6.-Classic Rockingham Raceway Returns To NASCAR In 2012
Rockingham Raceway, in North Carolina’s sand hills, has provided many thrills during its five decades as a part of the NASCAR Sprint Cup Series. The track’s run ended after the 2004 season. Rockingham, under ownership of Andy Hillenburg, roared back to life in 2012 when the NASCAR Camping World Truck Series debuted under sunny skies and before full grandstands on April 15. Kasey Kahne, who finished second to Matt Kenseth in the track’s final NASCAR Sprint Cup race, drove his Chevrolet Silverado to Victory Circle posting the first series victory for Turner Motorsports.
Since the NASCAR Nationwide Series was created in 1982 only five drivers had won consecutive championships. In 2012, Ricky Stenhouse Jr. became the sixth member of the series elite. Stenhouse battled Elliott Sadler – his chief rival in 2011 as well – throughout the season. The points lead changed hands five times with Stenhouse and his No. 6 Roush Fenway Racing Ford forging ahead for the final time after a fourth-place finish at Texas Motor Speedway in November. Stenhouse moves to RFR’s No. 17 Ford for a NASCAR Sprint Cup rookie campaign in 2013.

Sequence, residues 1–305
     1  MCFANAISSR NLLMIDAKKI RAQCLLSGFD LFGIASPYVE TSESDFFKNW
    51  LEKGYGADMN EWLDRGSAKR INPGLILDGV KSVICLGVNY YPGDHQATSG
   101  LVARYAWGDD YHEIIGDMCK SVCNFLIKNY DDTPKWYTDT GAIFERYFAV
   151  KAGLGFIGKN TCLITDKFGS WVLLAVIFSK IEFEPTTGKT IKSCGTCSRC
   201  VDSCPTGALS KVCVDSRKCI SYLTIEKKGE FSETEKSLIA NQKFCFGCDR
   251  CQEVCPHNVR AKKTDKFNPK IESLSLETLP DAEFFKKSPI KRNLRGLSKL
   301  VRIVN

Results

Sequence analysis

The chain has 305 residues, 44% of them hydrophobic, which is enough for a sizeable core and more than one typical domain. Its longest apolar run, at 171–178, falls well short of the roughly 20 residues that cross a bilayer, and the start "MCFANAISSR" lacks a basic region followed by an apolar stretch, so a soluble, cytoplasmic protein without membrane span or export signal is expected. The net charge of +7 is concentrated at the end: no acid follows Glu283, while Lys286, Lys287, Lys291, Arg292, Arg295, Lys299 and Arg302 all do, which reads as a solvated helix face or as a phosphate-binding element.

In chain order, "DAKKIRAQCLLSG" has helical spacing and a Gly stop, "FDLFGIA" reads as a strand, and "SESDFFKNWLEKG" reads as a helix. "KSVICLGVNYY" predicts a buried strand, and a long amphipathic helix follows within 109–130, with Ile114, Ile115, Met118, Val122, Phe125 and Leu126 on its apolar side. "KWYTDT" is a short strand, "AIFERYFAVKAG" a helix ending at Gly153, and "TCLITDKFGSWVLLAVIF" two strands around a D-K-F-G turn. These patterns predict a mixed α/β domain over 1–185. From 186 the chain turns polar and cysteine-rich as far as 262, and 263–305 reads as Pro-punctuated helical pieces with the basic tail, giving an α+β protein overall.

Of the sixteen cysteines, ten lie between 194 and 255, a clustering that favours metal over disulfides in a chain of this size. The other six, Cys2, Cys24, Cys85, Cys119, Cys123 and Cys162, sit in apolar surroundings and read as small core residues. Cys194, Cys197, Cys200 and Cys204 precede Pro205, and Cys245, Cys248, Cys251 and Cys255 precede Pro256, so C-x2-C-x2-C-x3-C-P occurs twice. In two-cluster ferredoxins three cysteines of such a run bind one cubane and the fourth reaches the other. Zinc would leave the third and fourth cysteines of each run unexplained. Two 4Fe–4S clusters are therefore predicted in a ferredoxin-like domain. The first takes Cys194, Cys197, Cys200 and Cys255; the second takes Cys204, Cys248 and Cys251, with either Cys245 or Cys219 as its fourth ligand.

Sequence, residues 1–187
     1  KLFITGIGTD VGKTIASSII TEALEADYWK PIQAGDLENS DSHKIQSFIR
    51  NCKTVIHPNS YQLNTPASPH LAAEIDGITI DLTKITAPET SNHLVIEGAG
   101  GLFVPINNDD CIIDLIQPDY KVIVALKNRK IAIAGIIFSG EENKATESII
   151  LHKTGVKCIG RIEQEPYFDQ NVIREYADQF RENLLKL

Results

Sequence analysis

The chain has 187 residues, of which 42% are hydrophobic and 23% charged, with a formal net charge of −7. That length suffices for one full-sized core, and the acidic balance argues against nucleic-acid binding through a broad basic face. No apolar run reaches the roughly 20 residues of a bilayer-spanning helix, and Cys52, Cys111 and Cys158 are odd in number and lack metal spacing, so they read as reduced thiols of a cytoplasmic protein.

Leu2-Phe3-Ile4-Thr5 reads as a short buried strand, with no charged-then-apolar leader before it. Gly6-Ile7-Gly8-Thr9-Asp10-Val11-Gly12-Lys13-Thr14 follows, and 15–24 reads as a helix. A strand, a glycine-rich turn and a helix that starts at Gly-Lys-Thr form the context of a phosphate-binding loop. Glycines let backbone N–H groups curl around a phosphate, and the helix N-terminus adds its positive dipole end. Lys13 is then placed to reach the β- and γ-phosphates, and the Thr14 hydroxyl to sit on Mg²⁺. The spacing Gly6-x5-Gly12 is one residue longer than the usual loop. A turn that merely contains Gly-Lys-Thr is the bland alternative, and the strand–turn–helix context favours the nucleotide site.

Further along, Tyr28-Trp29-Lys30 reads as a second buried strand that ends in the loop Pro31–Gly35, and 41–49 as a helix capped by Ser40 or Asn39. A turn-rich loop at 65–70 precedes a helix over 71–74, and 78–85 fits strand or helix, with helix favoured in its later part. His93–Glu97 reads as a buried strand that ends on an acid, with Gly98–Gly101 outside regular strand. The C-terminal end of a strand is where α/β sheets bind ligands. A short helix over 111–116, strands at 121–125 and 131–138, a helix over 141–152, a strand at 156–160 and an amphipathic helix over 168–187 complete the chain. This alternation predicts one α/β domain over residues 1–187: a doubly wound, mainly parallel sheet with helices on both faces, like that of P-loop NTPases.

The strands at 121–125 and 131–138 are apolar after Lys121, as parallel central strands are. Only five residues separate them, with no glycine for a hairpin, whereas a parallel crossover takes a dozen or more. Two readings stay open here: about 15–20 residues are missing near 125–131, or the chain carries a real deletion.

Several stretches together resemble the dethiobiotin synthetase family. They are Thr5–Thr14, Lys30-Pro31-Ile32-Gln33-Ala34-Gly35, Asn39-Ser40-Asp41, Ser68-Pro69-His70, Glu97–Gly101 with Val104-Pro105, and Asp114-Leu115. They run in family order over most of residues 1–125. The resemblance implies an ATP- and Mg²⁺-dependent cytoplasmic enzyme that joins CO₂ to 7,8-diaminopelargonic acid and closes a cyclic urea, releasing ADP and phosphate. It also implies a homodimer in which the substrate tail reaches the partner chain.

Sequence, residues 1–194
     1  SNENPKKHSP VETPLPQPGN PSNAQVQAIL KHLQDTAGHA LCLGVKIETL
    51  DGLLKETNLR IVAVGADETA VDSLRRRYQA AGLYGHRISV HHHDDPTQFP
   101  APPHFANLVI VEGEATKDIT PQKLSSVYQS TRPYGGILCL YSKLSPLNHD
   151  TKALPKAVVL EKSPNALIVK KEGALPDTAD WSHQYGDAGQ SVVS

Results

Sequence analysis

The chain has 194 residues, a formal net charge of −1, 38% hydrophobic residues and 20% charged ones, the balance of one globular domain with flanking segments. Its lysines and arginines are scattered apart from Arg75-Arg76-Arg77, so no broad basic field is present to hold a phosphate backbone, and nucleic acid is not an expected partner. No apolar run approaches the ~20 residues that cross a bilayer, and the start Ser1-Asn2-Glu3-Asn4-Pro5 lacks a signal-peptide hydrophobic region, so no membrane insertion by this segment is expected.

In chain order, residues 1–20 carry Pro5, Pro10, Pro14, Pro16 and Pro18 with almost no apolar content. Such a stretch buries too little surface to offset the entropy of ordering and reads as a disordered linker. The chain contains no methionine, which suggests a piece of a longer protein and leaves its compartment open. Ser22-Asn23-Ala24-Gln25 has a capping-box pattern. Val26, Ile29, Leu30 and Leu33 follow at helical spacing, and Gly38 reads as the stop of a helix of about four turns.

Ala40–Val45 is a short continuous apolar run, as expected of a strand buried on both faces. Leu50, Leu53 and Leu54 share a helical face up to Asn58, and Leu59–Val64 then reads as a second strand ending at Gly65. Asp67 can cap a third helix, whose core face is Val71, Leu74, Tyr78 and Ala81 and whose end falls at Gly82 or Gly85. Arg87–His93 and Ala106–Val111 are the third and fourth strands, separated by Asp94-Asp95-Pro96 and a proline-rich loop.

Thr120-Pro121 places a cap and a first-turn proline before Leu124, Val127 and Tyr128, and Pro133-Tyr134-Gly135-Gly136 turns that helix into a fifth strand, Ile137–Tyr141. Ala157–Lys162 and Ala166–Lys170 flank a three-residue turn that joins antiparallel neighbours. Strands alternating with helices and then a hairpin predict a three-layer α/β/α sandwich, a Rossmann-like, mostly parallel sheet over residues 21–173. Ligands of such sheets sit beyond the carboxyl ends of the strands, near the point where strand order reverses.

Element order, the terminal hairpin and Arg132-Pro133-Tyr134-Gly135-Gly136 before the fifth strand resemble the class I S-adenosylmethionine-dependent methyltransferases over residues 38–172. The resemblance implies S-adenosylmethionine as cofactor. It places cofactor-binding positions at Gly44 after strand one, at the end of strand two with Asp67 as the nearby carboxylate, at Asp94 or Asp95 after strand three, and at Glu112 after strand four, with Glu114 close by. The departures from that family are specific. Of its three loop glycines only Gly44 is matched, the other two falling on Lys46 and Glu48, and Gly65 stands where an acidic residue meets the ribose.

8.-Patrick Makes History With Top-10 Championship Finish
Danica Patrick became a full-time NASCAR driver for the first time in 2012 and she made the most of her opportunity with JR Motorsports. Patrick, who would become the highest-finishing female driver (fourth) in a NASCAR national series a year ago, made history again. Her 10th-place NASCAR Nationwide Series championship finish set a new standard for female competitors erasing Sara Christian’s previous record of 13th in 1949 NASCAR Sprint Cup standings. Patrick finished four times in the top 10 and won the Coors Light Pole for the season opening race at Daytona. She’ll move to the NASCAR Sprint Cup Series fulltime in 2013 with Stewart-Haas Racing.